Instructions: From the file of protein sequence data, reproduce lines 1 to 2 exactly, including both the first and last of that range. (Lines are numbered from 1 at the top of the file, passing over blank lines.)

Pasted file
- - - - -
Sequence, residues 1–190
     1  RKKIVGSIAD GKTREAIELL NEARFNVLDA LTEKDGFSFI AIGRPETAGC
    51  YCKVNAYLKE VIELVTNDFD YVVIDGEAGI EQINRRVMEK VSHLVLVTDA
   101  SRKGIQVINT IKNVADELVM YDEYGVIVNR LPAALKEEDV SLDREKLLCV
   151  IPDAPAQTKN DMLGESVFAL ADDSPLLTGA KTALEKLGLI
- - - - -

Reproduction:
Sequence, residues 1–190
     1  RKKIVGSIAD GKTREAIELL NEARFNVLDA LTEKDGFSFI AIGRPETAGC